Get your pistons lightened, balanced and angle cut while they are here getting repinned. Now only $150
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your rods too. From $150 to $175
Parker Enduro 2000 John Lane #48 John Marles #3
Why Welded Top Pin Pistons
Since the invention of the two stroke it has been plagued with the problem of the ring locator pins loosening up with time and eventually falling out of the piston. Why is this a problem? Well, when the pin falls out of the piston it get wedged between the piston and the cylinder causing the motor to seize. The purpose of the ring locator pin is to hold the ring in one location so it won’t rotate around the piston and end up with the ring gap in a transfer port or worse yet the exhaust port. If the ring finds itself in this position it expands outward and the piston breaks it off when it passes the top of the port.
This loose pin has been rubbing on the cylinder wall
Another problem with the locator pin seems to be the inability of the manufacturer to drill the hole it's pressed into to the proper depth. When the whole is drilled too deep the pin can work its way inwards leaving nothing to stop the ring from moving around the piston. The final problem with the ring locating pins is the material used to make the pin. Most pins are very soft steel. The pin should be equally hard or harder than the ring since the ring is the changeable part. In other words the ring can eventually wear out the pin.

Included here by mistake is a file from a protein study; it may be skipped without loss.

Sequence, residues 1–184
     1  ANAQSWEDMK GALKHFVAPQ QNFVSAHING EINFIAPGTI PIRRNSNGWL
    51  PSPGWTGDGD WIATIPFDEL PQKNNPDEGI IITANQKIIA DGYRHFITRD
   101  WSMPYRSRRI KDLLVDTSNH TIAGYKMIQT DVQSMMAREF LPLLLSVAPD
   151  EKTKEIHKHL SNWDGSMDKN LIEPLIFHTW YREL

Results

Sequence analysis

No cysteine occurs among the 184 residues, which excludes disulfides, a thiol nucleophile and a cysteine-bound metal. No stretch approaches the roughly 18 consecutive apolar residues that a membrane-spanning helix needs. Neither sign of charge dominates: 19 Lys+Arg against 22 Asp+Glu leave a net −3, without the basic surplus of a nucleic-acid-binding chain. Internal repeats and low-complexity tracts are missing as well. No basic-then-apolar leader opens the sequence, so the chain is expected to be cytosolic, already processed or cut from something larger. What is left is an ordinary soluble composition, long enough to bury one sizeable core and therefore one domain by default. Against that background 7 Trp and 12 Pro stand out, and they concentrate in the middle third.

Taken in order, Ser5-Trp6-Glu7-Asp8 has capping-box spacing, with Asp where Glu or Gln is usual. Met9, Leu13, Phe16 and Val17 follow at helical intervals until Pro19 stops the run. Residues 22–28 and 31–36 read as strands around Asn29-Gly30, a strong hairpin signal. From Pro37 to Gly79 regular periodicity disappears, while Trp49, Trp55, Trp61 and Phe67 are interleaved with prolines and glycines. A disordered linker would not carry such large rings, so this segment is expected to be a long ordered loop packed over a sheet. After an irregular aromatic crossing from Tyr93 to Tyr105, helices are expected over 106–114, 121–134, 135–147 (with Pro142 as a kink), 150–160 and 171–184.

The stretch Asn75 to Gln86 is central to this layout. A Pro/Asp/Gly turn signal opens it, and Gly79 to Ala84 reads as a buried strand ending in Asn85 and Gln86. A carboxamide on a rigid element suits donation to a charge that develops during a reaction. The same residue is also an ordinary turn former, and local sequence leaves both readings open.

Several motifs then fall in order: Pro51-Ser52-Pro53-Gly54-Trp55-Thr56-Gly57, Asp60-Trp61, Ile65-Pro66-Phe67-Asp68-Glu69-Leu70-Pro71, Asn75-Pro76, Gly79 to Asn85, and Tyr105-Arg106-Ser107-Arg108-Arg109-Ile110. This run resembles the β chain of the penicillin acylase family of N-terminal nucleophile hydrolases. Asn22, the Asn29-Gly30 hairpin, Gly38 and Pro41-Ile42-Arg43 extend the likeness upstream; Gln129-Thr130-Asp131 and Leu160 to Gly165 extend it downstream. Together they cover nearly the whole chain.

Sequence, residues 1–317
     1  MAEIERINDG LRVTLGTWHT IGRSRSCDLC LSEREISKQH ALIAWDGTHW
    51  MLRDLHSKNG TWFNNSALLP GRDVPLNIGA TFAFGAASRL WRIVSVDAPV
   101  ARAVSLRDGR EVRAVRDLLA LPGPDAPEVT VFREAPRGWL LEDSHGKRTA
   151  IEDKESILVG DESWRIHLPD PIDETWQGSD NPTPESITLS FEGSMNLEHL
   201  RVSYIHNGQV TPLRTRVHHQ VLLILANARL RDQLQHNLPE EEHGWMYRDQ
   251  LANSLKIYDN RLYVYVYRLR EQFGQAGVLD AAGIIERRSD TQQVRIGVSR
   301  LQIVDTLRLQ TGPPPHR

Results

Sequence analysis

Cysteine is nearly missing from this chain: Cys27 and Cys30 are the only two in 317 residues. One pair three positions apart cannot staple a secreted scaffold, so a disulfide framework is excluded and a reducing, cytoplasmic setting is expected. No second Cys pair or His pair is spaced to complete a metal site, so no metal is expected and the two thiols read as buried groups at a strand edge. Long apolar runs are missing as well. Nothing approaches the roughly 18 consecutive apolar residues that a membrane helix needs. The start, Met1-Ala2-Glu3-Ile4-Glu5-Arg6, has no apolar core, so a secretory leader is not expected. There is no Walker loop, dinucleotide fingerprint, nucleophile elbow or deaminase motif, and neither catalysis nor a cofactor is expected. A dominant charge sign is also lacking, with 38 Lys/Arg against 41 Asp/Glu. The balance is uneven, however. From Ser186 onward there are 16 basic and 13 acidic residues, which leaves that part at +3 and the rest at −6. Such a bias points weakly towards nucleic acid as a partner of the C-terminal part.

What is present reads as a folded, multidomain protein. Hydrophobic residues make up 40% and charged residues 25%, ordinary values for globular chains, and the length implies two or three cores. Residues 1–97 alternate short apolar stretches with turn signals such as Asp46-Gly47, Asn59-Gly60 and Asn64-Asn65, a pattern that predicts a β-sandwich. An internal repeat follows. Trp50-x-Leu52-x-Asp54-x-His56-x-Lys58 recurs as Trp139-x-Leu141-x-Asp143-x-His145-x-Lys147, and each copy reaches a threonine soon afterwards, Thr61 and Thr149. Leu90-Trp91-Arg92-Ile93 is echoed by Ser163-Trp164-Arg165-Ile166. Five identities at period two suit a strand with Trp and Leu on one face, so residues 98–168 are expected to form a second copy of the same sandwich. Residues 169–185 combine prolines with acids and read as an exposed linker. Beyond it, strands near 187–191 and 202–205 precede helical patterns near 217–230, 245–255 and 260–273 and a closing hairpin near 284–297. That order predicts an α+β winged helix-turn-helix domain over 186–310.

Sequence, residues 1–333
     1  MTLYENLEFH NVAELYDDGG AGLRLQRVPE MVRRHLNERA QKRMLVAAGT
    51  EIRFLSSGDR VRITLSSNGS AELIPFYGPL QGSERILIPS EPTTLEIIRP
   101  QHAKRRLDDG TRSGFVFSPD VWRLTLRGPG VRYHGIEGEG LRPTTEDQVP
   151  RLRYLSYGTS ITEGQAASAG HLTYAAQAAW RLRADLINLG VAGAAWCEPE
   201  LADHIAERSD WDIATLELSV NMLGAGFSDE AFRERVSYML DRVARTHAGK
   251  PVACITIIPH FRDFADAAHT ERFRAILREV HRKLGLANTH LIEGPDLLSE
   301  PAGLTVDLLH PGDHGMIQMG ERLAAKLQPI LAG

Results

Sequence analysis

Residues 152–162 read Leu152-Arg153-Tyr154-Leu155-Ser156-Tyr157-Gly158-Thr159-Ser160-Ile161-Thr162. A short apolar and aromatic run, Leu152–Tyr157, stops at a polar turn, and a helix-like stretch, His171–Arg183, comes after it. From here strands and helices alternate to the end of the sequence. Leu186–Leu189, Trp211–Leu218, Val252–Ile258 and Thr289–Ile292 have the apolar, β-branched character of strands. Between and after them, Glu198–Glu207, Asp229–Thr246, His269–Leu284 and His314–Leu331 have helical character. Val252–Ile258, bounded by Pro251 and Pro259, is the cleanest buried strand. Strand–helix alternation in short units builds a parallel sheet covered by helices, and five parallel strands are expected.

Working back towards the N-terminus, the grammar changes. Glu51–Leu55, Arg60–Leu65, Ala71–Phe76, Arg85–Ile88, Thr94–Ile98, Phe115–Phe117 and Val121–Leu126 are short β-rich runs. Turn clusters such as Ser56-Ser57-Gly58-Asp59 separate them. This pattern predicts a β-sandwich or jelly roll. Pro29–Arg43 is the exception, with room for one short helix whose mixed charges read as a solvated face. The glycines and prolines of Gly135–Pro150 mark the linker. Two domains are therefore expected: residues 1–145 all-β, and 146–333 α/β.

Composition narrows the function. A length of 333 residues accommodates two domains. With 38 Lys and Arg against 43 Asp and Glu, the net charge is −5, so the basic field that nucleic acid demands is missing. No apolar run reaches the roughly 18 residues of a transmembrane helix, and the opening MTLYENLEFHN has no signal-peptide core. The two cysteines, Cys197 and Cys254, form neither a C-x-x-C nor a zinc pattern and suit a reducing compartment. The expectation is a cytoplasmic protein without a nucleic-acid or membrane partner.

Here is a factory top pin piston where the ring has worn clean through the soft locator pin.
Most pistons with loose locator pins have 100s of hours of run time left on them but are rendered useless because of the loose pins. Some people say, Just buy new ones. Well, despite the unbelievably high price of new pistons they still come with the same inferior pins just waiting to fall out. Nothing is indestructible but this is by far the best method to date of pinning a piston.
Welded top pin pistons address all these problems and present the perfect solution.